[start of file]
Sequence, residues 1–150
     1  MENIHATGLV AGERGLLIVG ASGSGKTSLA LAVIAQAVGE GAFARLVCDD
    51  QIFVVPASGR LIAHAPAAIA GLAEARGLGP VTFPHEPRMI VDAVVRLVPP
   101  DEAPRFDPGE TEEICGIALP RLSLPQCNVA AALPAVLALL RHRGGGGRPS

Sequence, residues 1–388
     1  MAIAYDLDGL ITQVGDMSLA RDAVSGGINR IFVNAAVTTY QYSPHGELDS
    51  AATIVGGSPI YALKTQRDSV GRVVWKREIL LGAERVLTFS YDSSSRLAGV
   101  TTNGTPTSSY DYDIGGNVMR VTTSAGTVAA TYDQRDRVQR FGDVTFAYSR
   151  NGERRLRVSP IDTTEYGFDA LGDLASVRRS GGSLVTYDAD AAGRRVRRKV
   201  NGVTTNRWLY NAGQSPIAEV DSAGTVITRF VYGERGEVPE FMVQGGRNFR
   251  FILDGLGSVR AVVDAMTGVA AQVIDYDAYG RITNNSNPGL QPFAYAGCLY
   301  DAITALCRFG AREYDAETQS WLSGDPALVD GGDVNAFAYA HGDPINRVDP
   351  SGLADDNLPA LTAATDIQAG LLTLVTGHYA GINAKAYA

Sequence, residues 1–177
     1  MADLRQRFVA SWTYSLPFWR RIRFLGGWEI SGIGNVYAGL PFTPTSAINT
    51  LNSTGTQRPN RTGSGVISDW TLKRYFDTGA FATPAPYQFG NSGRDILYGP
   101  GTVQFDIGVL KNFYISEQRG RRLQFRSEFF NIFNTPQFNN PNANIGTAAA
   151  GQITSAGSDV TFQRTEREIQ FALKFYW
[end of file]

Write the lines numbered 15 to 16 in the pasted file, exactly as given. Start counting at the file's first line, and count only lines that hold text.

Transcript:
     1  MADLRQRFVA SWTYSLPFWR RIRFLGGWEI SGIGNVYAGL PFTPTSAINT
    51  LNSTGTQRPN RTGSGVISDW TLKRYFDTGA FATPAPYQFG NSGRDILYGP